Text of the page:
Comment. Share. Connect. Join ASAP in an ongoing conversation about local food FROM HERE in the Southern Appalachians.


Meet CSA Farmers, Sarah Jane & Jamie Davis of A Way of Life Farm

ASAP’s Annual CSA Fair is just around the corner on March 12 (in Asheville) and March 17 (in Boone), and in anticipation of the event, we wanted to hear from farms and participants who have been part of our CSA Fairs in the past. This week, we bring you an interview with CSA farmers, Sarah Jane and Jamie Davis, of A Way of Life Farm. Visit ASAP’s website to find out more about the CSA Fairs.
Why did you become farmers?

Farming is our form of activism. By producing something as universal as food, we’re able to positively influence social, environmental, and economic issues that we see in the world. We find farming with these intentions to be incredibly satisfying work. Working with a piece of land that we will be a part of for the rest of our days is humbling and endlessly interesting. We can’t imagine doing anything else.

What is your farm operation like?

We grow 40 different fruits and vegetables on 2 1/2 acres, using sustainable farming practices. Our pigs are raised on pasture and their supplemental feed is certified organic and contains no soy. All of our farm products are sold directly to customers through CSA, at farmers’ markets, and to restaurants.

What are your biggest challenges?

Our biggest challenge is maintaining a balance between short term needs and long term goals. Because we’re growing year-round, harvesting and taking produce and meat to market often takes priority over infrastructure projects and other farm development. At the same time, we know we don’t want to get stuck in “simply making a living” at the expense of accomplishing projects that will make “making a living” easier and further our permacultural vision for our farm.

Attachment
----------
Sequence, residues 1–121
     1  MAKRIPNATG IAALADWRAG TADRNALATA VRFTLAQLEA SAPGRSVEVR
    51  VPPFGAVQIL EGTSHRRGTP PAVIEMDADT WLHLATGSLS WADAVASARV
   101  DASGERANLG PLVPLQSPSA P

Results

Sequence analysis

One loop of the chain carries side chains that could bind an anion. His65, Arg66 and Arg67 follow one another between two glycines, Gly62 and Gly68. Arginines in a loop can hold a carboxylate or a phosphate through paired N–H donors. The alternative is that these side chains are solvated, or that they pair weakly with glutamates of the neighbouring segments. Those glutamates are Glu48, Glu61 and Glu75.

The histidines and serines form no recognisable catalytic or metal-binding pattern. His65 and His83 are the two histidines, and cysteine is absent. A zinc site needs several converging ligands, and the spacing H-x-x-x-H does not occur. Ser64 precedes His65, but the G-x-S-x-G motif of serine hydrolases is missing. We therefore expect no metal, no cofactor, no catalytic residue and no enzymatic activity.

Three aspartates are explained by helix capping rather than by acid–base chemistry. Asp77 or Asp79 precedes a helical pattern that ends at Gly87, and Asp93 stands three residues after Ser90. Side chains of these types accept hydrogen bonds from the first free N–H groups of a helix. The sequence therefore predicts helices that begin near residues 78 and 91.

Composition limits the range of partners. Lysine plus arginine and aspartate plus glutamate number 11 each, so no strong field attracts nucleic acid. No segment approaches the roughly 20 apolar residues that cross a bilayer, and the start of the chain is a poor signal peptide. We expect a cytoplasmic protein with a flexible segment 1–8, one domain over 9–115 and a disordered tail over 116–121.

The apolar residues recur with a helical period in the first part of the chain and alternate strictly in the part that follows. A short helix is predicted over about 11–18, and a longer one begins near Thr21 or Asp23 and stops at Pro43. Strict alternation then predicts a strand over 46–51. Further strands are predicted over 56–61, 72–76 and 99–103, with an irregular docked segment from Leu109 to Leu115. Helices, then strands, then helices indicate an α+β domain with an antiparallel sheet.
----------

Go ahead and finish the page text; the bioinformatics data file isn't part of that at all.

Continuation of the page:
What is your favorite vegetable or local food dish, and why?

Pick favorites?! That’s tough. The beauty of seasonal eating is that every vegetable is your favorite when it first comes in. Then, you can enjoy the heck out of it, until it’s about out of season. Meanwhile, other new veggies are popping out of the ground begging to be your favorite too! I will say that sweet potatoes are one of our pet vegetables. We save seed and grow several varieties which each lend themselves perfectly to different uses. They can store for a long time under the right conditions so we’re able to enjoy them longer than any other vegetable.

Why is the CSA important to your farm business?

Our CSA guarantees that a portion of our farm products are already sold, acting as a bit of insurance. Having a direct connection with CSA members, folks who are enjoying the food that we grow and feeding their children, throughout the year is thrilling and a great motivator when the days are long, hot, wet, cold, etc. We love knowing exactly where our produce is going.

What reasons would you share about why folks should attend the CSA Fair?

The CSA Fair is a great way to see your CSA options laid out for you. You can easily find the one the best fits your schedule, eating habits, and budget while talking with the farmers face to face. It’s like a one stop farm tour with many farms having plenty of pictures on display, too.

What impact has ASAP had on your farm?

ASAP has done so much to promote local food in our region from many angles. Educating consumers with the Local Food Guide, CSA Fair, and Appalachian Grown™ labeling has built a general awareness and support of local food which creates demand for our products. ASAP has also helped our farm with educational workshops and grant funding.

Find out more about A Way of Life Farm or their CSA. Or visit with them on March 12 at the Asheville CSA Fair!

Tags:, , ,